IIM Udaipur hosts Prof. Minakshi Trivedi for a talk on Research Perspectives from the Gaming Industry

IIM Udaipur hosts Prof. Minakshi Trivedi for a talk on Research Perspectives from the Gaming Industry


Minakshi Trivedi is a Professor Neeley Analytics Initiative Chair, J. Vaughn and Evelyne H. Wilson Professor of Business at Neeley School of Business, Texas. Detailed profile can be found at here.

Affiliation (University)

Neeley School of Business, Texas.

Date of Presentation

March 11, 2024

Paper Title

Research Perspectives from the Gaming Industry


The world of online gaming is one of the fastest growing industries today. This has resulted in unexpected consequences - we explore here some examples.First, the excessive playing of video games, especially for teens and pre-teens, hasseen the implementation of consumer protection laws in many countries. This research evaluates one such consumer protection policy and its effectiveness from both marketing and public policy perspectives. Specifically, we investigate the impact of usage restriction in South Korea on both gamers and the industry using individual-level game usage and spending data. We show that although the regulation reduces overall game usage, the effects are in fact counter to expectations! We also find that its revenue impact is negligible, suggesting that gamers do not change spending patterns because of the intervention. Finally, we discuss the implications of such usage restriction laws as a vehicle to control overconsumption and protect consumers.Second, social interactions among consumers, especially in the consumption of digital goods, have become commonplace in an increasingly interconnected marketplace.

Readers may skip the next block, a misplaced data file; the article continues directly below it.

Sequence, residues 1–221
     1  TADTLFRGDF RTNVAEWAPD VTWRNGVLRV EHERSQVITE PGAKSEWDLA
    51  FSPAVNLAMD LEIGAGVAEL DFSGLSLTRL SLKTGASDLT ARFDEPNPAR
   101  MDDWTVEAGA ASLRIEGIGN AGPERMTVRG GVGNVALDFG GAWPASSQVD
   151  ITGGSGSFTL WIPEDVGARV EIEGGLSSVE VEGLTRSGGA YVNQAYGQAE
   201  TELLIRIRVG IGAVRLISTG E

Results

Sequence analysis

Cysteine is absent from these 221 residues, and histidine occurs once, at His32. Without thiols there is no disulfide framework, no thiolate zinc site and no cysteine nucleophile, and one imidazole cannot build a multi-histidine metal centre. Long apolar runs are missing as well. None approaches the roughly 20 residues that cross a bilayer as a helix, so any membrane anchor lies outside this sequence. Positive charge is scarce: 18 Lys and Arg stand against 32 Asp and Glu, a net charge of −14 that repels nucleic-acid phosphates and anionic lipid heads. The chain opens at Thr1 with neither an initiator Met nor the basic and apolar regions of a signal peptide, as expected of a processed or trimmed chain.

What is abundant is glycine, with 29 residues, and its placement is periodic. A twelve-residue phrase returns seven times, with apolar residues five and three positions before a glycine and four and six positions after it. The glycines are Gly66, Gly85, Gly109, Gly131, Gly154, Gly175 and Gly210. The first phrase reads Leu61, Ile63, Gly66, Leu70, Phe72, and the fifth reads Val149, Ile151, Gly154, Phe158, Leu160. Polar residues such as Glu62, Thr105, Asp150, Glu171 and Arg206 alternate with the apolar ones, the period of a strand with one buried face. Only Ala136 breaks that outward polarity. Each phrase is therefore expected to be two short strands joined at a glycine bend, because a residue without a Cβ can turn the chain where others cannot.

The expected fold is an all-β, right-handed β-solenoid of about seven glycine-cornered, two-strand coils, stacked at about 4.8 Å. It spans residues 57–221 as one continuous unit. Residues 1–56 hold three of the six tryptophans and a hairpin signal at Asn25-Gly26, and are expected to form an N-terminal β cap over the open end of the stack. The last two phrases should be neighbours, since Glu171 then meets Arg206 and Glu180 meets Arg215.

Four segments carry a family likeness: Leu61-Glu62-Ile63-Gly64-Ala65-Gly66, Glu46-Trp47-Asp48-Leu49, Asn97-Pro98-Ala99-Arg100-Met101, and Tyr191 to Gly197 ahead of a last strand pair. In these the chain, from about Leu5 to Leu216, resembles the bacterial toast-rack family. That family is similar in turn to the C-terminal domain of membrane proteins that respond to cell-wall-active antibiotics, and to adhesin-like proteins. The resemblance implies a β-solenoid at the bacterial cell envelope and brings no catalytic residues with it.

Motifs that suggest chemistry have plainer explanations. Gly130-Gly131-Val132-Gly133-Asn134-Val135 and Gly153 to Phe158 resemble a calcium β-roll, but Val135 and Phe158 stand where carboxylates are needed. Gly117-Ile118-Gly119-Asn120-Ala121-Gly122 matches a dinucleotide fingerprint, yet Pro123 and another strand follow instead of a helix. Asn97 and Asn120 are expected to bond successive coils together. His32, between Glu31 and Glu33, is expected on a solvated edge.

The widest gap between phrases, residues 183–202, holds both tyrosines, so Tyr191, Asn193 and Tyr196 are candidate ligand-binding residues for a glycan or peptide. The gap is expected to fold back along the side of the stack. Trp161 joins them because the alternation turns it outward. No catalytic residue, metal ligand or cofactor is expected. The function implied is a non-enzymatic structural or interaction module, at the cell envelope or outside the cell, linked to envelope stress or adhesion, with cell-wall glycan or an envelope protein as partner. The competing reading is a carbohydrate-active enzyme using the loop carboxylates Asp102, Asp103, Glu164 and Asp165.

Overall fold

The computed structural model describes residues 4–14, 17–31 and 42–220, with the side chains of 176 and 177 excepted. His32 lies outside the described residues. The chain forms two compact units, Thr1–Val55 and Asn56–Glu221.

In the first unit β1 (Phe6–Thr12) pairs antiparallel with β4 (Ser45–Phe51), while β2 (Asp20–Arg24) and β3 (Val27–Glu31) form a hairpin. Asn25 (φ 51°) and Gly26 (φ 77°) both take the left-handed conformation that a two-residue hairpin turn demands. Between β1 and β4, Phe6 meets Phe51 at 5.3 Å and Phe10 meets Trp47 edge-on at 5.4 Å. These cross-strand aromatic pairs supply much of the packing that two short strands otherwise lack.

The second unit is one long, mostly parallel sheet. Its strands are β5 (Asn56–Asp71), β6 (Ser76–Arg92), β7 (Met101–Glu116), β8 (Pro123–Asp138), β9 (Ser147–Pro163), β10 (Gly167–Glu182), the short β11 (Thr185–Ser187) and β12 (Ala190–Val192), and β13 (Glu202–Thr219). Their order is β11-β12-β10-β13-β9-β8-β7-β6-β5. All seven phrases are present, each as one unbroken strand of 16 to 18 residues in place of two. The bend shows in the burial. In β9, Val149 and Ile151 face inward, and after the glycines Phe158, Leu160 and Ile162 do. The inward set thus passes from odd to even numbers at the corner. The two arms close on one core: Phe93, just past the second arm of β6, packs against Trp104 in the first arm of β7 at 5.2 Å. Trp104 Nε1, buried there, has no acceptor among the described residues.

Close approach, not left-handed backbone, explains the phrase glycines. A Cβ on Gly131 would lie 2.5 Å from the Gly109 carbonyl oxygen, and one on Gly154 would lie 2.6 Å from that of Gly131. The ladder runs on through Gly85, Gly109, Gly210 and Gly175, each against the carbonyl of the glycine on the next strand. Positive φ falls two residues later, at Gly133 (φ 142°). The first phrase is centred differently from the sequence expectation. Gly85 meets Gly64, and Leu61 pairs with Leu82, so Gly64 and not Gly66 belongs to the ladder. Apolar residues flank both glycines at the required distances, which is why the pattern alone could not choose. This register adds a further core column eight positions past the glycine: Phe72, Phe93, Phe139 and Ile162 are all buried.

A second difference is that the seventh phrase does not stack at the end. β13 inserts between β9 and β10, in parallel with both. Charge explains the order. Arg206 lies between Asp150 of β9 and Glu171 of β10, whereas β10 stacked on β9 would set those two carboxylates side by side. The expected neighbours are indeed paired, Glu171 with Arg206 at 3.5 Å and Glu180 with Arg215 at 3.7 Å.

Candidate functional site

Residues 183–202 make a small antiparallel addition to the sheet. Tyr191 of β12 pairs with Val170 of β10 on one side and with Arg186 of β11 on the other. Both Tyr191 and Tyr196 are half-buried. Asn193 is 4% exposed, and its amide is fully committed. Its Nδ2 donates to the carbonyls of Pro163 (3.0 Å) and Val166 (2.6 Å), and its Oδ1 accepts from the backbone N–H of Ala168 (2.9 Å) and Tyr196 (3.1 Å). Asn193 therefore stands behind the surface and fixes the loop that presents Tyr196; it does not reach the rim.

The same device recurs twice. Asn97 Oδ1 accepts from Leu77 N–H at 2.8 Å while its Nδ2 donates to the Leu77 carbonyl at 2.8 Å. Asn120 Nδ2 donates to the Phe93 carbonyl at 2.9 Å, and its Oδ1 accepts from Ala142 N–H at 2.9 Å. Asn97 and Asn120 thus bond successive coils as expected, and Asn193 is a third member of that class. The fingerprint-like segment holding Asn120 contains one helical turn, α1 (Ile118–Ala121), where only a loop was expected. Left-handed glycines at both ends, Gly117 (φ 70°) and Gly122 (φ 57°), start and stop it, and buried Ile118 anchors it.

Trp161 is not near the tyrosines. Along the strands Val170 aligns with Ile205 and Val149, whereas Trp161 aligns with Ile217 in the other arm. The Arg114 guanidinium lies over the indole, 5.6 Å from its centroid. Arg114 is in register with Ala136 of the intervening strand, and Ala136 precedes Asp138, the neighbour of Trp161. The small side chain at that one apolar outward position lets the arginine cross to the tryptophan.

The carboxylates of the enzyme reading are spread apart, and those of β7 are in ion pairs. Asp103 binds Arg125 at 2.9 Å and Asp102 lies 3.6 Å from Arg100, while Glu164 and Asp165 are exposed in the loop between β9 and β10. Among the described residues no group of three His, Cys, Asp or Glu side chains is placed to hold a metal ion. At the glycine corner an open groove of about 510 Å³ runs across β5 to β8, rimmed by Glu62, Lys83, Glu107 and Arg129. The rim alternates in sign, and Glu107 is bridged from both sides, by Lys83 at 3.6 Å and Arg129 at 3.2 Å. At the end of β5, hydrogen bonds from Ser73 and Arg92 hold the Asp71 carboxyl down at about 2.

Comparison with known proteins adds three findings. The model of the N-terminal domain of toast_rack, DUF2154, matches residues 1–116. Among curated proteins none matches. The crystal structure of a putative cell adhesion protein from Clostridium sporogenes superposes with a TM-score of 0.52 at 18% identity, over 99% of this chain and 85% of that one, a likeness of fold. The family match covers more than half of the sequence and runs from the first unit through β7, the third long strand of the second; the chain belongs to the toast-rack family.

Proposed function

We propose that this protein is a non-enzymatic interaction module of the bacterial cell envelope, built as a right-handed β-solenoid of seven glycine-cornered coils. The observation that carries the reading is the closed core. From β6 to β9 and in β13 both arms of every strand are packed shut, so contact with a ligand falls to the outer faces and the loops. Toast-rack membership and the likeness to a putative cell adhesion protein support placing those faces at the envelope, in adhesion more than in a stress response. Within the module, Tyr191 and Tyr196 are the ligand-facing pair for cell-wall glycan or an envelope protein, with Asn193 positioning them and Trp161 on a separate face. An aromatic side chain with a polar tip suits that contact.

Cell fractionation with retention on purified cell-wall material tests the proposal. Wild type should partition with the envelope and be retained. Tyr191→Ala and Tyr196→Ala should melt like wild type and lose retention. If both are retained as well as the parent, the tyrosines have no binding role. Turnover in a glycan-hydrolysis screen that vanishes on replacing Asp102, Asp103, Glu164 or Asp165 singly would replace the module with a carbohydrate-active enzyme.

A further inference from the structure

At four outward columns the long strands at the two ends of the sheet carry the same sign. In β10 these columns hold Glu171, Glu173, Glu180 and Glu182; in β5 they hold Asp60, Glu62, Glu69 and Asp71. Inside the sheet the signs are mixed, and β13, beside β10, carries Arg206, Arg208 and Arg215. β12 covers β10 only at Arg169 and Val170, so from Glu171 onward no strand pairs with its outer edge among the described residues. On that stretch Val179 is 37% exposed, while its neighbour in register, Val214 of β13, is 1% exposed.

As such, understanding the impact of such social interactions on consumer behavior carries major academic and practitioner significance. Thisresearch focuses on an important, but under researched aspect of social influence in the gaming world and the underlying mechanisms that may be driving peer effects. Using a massive online peer-to-peer game as context, we estimate peereffects arising from ‘anonymous’ peers. The findings suggest a robust and significant influence of anonymous peers, and further, that these effects are largely driven by informational reasons as opposed to competitive concerns (evenin a competitive online gaming context).Finally, we touch briefly on the advent of mobile devices and apps with respect to their impact in the gaming world.We conclude by discussing the implications of our findings for consumer behavior,marketing academia and practitioners in the video game industry.